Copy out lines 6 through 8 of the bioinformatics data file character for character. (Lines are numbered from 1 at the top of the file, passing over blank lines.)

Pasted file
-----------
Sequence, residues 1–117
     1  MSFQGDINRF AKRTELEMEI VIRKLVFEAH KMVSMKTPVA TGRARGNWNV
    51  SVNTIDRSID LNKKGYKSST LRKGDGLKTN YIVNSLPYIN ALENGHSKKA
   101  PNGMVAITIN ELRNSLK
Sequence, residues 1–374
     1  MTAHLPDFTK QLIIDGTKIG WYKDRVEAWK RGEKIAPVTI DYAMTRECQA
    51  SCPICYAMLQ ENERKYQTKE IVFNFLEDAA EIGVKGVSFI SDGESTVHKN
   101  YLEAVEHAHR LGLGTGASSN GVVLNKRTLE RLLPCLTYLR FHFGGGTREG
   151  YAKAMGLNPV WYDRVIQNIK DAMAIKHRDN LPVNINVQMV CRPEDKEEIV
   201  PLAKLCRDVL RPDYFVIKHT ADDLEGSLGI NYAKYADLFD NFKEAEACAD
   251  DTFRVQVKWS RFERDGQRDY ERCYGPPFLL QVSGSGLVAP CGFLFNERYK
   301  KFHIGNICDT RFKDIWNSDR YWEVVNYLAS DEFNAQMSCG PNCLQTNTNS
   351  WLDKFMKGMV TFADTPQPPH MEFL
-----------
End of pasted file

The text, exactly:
     1  MTAHLPDFTK QLIIDGTKIG WYKDRVEAWK RGEKIAPVTI DYAMTRECQA
    51  SCPICYAMLQ ENERKYQTKE IVFNFLEDAA EIGVKGVSFI SDGESTVHKN
   101  YLEAVEHAHR LGLGTGASSN GVVLNKRTLE RLLPCLTYLR FHFGGGTREG